A powerful combo that turns tapes to discs and gives you much more
Ease of use
Fairly small HDD
No built-in Freeview
No HDMI out or MPEG4 support
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Digital recorders continue to appear in ever-increasing varieties, from hard-drive-based personal video recorders, standalone DVD recorders and combinations of the two.A few stalwarts of the videocassette era also add VHS.
It's unusual to see Pioneer join the club because its video background has been in discs - from laser disc to DVD - but given that its digital recorders are among the finest for features and usability, it's a welcome development.
Unlike the slim build we expect with digital recorders,the DVR-RT601H is large and heavy due to the VHS mechanism.Its looks are more functional,too,with exposed front AV inputs (no i.Link for DV camcorders incidentally) and buttons of various shapes.
Rear inputs are fairly limited,as most things are built in,but there are two RGB Scarts for TV output or to take a decent input from digital TV boxes.The recorder also has component video for progressive scan playback but there's no HDMI digital AV connection.
This three-in-one combi copies from VHS to hard-disk drive (HDD) or straight to recordable DVD with either DVD-R or DVD-RW. It's best to go via the HDD so you can rename or edit before transferring to disc (at high speed in most circumstances). You can backup home-made DVD recordings onto new discs using the HDD or put live or previously recorded content onto VHS too.
The DVR-RT601H is based mostly on Pioneer's DVR-530H harddisk/ DVD recorder,except that instead of an ample 160GB,the HDD is only 80GB,so the capacity is halved to between 11-227hr depending on quality mode.The better news is that, in contrast to the company's disappointing new flagship,the DVR-930H,this model contains all of the 2005-2006 range's outstanding features,including the ability to edit or dub to DVD while recording something else on HDD.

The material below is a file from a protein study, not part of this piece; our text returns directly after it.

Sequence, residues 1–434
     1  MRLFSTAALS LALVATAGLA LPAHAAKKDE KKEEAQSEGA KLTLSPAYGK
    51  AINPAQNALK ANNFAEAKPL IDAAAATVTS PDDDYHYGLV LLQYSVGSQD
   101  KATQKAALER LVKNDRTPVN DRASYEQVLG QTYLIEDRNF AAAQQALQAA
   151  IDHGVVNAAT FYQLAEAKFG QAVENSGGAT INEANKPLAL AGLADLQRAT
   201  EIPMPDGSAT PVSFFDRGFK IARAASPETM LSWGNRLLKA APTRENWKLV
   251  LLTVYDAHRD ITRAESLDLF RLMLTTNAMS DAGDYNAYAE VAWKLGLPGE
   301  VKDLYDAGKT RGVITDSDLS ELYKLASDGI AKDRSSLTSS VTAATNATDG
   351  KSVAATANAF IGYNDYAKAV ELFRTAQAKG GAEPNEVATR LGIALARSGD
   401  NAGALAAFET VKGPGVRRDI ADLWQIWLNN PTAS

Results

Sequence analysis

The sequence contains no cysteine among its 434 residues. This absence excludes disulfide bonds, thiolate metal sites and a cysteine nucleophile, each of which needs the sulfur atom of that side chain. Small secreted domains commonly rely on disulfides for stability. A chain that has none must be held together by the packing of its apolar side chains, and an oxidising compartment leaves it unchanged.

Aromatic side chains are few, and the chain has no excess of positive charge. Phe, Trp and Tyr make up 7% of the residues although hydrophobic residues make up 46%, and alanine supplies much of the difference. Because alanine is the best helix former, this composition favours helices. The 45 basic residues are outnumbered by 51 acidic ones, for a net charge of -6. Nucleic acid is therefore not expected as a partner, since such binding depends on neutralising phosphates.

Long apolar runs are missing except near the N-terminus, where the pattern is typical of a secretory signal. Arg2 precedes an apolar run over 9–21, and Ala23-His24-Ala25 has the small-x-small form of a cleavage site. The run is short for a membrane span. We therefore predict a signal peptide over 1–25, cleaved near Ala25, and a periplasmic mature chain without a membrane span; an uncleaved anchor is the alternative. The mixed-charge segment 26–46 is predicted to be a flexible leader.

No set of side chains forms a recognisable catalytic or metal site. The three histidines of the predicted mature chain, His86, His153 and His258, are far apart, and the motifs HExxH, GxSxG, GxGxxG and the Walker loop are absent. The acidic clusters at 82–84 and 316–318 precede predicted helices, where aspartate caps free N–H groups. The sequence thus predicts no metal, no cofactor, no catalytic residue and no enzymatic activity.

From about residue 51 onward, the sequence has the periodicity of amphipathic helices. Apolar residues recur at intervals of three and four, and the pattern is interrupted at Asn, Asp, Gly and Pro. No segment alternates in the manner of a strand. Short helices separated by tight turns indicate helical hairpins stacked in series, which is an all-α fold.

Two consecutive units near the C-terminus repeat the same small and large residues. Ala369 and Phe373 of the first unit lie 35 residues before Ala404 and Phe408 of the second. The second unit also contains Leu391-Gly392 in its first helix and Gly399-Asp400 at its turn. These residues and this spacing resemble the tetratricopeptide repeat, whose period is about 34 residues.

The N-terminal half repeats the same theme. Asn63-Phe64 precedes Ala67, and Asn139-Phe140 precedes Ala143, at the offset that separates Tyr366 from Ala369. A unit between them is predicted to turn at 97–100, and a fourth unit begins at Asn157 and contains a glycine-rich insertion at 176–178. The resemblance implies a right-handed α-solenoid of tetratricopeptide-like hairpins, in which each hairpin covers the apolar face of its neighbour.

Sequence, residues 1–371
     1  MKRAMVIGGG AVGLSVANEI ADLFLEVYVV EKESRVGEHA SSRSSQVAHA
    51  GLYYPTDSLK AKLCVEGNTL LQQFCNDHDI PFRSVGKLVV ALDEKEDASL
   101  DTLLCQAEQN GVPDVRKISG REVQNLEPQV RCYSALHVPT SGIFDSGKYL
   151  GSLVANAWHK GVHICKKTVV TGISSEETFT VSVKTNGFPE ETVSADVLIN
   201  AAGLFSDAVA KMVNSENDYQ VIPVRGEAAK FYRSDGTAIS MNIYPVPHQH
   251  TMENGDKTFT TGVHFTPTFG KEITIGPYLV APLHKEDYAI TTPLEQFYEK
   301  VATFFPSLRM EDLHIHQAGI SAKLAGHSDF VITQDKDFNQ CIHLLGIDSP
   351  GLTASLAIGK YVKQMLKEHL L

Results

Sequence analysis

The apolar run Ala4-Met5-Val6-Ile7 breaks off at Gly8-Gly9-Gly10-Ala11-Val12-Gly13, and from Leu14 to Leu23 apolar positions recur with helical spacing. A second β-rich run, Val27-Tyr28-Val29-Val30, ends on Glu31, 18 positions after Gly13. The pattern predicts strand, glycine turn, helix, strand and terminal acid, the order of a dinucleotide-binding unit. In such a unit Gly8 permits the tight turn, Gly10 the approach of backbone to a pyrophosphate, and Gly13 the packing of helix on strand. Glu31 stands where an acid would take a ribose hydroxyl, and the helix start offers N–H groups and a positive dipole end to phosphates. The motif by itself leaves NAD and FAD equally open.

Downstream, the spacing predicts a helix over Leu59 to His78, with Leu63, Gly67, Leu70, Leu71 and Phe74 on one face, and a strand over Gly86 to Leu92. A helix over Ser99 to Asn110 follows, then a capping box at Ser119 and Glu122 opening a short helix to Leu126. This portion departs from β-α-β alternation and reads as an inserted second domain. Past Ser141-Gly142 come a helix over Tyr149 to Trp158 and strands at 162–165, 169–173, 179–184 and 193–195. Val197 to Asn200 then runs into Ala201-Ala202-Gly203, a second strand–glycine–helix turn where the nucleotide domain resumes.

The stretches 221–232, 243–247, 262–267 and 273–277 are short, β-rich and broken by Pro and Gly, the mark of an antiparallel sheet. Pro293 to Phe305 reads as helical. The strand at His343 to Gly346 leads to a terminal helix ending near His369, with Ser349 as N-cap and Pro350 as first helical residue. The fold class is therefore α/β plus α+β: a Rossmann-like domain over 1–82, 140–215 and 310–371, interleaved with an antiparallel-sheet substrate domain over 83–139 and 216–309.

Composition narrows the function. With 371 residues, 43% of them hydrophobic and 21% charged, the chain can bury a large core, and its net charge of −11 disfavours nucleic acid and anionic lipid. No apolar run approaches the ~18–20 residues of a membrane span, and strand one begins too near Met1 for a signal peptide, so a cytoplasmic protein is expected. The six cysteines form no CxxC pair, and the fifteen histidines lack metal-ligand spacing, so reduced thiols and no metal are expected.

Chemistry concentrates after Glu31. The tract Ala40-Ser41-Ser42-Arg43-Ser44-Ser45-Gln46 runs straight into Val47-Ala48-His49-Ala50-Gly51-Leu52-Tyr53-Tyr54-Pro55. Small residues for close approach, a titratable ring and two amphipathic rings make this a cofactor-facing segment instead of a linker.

Other notable features include GuidePlus,which provides free onscreen TV listings and sets the timer for you (including changing channel on set-top-boxes automatically).There's no built-in tuner for Freeview channels, unfortunately,but it's up to date in most other ways.There's an HDDonly 15Mbps top recording mode, support for larger-capacity Dual Layer DVD-R,and you can play or copy from DVD-RAM or use the digital 'jukebox' feature to store CD audio on hard drive.
A straightforward VHS Dub mode in the menu allows you to control videocassettes and when to start or stop copying to HDD.Alternatively the 'six-way' front panel buttons are a quick method of copying between any two of the three available formats in any combination.
The DVR-RT601H differs from rival Panasonic and JVC products in that you cannot record using both VHS and digital (DVD or HDD) simultaneously - not even the same source channel.Admittedly this machine is geared towards taking you from tape to disc,though you can play any supported media while recording something else on another medium.